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Lance Armstrong Has a Mission

February 8, 2000

NEW YORK (AP) _ Lance Armstrong sees himself a role model whose role is to save lives.

``As an athlete who is in the public eye, it is my responsibility to tell my story,″ he said Tuesday.

America’s top cyclist counts himself as a survivor of testicular cancer.

The Tour de France winner has been free of the disease for more than three years even though he delayed treatment. He had been terrified about what he would learn if he went to a doctor.

``Fear almost cost me my life,″ Armstrong says in a television public service announcement that was shown at a news conference announcing the formation of Cycle of Hope, an education campaign created by the Lance Armstrong Foundation and Bristol-Myers Squibb.

He explained how he ignored the first symptom, swollen testicles, in the spring of 1996.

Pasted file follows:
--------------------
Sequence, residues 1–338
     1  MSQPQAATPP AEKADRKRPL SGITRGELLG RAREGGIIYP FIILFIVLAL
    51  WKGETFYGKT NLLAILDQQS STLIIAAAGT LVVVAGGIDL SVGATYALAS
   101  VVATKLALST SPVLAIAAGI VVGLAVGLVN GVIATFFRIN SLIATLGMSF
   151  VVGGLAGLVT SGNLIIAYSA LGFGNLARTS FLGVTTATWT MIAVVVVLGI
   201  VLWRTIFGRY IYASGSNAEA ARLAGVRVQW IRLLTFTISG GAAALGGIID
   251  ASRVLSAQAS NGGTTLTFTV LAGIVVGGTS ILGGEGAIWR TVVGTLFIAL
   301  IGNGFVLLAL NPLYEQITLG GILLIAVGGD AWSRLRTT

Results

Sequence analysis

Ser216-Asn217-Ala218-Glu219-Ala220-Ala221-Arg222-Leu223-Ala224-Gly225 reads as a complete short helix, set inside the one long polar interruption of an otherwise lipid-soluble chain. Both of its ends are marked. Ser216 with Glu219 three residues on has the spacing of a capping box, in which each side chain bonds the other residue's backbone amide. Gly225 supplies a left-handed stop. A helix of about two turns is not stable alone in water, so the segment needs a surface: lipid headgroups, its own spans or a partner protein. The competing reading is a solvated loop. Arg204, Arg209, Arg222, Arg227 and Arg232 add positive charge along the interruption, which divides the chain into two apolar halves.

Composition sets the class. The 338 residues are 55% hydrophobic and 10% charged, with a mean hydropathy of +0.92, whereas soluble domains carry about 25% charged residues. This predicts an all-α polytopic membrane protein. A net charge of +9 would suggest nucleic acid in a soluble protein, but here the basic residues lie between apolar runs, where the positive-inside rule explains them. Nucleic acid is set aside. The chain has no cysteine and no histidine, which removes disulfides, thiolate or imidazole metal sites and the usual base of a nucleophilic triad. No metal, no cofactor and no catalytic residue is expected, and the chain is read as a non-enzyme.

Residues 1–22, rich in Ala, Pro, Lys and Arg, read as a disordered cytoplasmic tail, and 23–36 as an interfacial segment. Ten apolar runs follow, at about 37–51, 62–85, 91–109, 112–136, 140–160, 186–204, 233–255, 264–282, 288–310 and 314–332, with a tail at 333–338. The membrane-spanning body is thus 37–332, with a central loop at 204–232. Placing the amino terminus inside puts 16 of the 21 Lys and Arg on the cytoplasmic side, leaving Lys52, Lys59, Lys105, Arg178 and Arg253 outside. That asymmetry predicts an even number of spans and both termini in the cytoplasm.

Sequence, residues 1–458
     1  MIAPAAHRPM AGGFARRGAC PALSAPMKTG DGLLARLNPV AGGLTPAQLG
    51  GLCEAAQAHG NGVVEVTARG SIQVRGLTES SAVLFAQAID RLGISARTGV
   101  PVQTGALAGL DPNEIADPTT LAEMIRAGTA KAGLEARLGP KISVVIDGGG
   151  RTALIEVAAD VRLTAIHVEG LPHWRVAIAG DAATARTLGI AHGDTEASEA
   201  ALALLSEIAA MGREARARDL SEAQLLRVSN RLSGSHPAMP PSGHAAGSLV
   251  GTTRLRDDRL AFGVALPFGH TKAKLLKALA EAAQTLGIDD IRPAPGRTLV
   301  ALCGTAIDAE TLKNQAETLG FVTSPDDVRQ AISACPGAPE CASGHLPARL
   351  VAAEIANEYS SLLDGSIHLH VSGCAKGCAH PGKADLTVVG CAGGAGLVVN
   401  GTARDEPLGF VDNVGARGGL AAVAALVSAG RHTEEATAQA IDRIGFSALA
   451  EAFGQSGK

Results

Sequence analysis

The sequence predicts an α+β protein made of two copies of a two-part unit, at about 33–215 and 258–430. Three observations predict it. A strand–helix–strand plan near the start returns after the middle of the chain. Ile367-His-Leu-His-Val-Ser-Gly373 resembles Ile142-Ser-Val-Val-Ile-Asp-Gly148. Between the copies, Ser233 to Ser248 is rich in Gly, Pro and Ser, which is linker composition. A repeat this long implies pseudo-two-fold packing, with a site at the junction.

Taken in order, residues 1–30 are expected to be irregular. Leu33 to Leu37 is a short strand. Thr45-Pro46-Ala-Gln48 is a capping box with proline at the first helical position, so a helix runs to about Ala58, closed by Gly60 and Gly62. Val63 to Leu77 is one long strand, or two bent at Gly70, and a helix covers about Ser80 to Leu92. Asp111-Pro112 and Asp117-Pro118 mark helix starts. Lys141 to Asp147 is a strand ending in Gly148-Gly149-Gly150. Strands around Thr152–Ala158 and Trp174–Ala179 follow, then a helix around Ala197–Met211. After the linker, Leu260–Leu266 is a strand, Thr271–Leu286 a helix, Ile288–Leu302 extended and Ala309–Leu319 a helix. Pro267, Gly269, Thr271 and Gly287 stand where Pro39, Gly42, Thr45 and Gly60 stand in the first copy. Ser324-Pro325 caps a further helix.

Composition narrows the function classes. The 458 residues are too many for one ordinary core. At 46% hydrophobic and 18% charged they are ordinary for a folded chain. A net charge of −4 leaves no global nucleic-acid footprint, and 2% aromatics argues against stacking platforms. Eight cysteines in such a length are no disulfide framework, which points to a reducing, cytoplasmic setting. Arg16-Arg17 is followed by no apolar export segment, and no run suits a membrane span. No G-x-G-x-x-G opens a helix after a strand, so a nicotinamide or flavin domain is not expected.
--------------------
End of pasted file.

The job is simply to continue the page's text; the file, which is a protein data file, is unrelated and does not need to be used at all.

``When he did see me in October that year, the cancer had moved into his abdomen, brain and lungs,″ said Dr. Craig Nichols, an oncologist Armstrong credits with saving his life.

The cyclist underwent chemotherapy and surgery.

``Had he had not sought treatment when he did, he would not have lived out 1996,″ Nichols said.

Because he did survive, Armstrong created his foundation for the purpose of fighting the disease.

Cycle of Hope is aimed at supporting early detection, encouraging a team approach to treatment and letting those with cancer know there is hope.

Some speakers at the news conference estimated the educational campaign could save millions of lives.

Armstrong said winning the Tour de France was important to him for reasons other than sport. He thinks, just maybe, someone was prompted to see a doctor because of all the publicity.

``If one person learns about this and is saved because he is diagnosed, it will be a success to me, personally,″ Armstrong said. ``I’m not talking about saving 10 million.″

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